My original plan had been to approach this hill from the Loch Tay side, assuming that the drive time would be shorter to Ardeonaig than to Glen Lednock. But google map informed me that driving via Comrie was a good 20 minutes or so faster, so I changed the plan of attack; this approach had the added benefit of avoiding the roadworks on the Port Glasgow road—not a problem in the morning, but could mean a significant delay if I ended up approaching the village during the afternoon school run!
I left home about 5:45, after waiting (awake) for quite some time for the skies to lighten. I began the long tarmac march up toward the Loch Lednock dam at 7:15. It soon dawned on me that I’d completely forgotten to check whether there might be any shooting scheduled, something I’m usually quite diligent about. The guilt about that oversight stayed with me for much of the walk, especially when I spied a Land Rover parked on the hillside upon my return to the burn ford. But I also met two other parties, presumably heading for the same hill, and none of them seemed to be concerned about it. (I checked when I got home—yeah, yeah—horse outta the barn, and all that—and the web site said “no info provided; follow local guidance.” Whew, then. I’d been prepared to fall on a sword of profuse apology if confronted.)
lovely Glen Lednock
the delightfully named Sput Rolla
damn. I mean "dam"
It was good to be walking on Scottish soil again, but I was once again reminded of how different it is to walking/hiking in RMNP. Case in point, the day Amy and I hiked to Lion Lake, we were out for about 9 hours, yet only gained around 700m of ascent; compared with today, wherein it was more or less the same amount of ascent during half the amount of time. There’s a definite tendency toward “straight up and down” on this side of the pond, at least in broad general terms.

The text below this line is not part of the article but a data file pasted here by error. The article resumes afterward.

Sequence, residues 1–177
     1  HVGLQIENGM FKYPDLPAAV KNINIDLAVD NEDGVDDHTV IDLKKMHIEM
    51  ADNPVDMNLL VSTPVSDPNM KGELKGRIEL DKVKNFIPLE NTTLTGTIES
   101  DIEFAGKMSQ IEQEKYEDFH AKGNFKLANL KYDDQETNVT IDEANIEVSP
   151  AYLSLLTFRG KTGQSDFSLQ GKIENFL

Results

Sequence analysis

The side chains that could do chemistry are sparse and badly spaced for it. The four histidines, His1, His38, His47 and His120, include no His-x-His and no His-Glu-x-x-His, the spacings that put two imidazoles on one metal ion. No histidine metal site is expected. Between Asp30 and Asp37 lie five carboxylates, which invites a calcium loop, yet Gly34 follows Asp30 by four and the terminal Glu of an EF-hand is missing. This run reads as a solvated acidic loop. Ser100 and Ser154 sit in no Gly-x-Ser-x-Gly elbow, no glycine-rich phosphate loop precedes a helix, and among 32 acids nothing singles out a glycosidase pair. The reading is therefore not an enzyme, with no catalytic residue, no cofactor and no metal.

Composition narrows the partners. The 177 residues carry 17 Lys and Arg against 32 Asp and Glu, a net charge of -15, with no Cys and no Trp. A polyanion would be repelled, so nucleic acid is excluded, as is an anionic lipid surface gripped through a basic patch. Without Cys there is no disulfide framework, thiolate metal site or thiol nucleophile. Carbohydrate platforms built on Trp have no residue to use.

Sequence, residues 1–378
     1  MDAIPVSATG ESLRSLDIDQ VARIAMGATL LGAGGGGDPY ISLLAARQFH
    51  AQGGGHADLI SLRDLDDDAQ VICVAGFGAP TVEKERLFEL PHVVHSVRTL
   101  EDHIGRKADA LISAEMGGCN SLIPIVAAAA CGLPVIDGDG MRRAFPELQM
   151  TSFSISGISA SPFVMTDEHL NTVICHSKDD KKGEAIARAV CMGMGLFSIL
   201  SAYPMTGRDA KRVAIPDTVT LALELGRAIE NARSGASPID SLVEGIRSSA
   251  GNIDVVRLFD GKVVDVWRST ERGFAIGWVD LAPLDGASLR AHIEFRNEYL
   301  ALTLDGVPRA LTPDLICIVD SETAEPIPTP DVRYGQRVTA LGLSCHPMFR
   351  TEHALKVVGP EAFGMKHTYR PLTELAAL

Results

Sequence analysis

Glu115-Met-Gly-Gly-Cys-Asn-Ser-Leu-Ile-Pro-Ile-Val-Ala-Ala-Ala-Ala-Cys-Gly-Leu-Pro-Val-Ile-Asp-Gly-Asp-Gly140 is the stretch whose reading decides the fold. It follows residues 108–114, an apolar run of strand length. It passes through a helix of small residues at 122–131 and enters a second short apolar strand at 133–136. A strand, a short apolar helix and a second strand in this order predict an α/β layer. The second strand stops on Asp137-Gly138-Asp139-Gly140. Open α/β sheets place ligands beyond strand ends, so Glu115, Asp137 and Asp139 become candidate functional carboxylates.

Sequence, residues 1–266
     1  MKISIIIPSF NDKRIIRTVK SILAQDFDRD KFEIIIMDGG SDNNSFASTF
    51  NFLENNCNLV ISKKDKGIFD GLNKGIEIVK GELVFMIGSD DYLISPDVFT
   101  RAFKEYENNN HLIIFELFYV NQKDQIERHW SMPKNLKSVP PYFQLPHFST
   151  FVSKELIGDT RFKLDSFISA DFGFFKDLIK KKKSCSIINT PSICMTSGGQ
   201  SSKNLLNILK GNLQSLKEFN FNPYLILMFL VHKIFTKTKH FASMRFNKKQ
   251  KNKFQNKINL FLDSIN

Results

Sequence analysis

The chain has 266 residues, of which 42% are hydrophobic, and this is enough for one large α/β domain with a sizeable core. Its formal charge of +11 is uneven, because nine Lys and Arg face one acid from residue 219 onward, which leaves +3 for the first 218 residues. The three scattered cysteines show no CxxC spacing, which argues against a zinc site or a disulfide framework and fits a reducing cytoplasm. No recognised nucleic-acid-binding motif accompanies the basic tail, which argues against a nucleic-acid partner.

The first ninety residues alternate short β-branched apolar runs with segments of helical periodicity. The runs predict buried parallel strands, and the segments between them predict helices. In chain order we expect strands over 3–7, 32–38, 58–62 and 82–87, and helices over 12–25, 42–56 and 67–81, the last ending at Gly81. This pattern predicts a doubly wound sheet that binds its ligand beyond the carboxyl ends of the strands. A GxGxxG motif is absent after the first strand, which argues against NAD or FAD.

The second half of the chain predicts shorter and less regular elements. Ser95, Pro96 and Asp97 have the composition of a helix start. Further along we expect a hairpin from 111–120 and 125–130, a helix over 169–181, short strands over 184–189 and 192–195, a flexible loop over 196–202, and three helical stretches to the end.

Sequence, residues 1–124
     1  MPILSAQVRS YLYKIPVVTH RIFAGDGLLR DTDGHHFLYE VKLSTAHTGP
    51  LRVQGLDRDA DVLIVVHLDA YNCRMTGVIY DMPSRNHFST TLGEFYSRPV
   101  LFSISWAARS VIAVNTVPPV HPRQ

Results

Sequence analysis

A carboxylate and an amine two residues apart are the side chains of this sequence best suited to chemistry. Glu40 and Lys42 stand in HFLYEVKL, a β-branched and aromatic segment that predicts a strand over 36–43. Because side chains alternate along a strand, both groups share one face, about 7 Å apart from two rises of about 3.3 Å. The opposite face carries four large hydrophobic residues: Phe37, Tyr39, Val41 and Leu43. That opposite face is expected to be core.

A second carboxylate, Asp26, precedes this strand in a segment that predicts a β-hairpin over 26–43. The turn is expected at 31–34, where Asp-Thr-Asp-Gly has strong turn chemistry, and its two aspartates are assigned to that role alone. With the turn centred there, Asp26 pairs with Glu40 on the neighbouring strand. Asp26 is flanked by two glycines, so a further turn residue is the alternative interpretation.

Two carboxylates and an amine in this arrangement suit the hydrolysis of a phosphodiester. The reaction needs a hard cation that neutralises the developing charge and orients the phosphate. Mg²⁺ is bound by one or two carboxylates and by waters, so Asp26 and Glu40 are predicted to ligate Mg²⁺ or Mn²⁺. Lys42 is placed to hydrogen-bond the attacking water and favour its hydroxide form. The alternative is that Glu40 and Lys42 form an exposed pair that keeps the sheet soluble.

gaining more height
some rocks just below the summit
It was further to the summit than I’d imagined (isn’t it always?), and fair boggy, too. I was fully expecting to see the trig point when I topped out on Meall Dubh Mor, and was surprised to only then get a first glimpse of my actual target, still nearly a km away. But the last bit of ascent went fairly quickly, and I reached the actual summit at about 9:45. I sat for a few minutes, having a snack and waiting for the clouds over Ben Lawers to dissipate (they didn’t).
Ben Lawers and friends are under there somewhere...
toward Ben Chonzie (I think it's the lump rather than the pointy one, but I'm not entirely sure)
I didn’t fancy the even “steeper and rougher return” along the reservoir, so I simply did my outward route in reverse. After all, the views are different going in the opposite direction, aren’t they?
looking down onto Meall Dubh More, across a fiendishly boggy bit, and my exit route
cheeky little hag
there were TONS of these on the way down
I arrived back at the car at 11:45.
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Warning Please note that hillwalking when there is snow lying requires an ice-axe, crampons and the knowledge, experience and skill to use them correctly. Summer routes may not be viable or appropriate in winter. See winter information on our skills and safety pages for more information.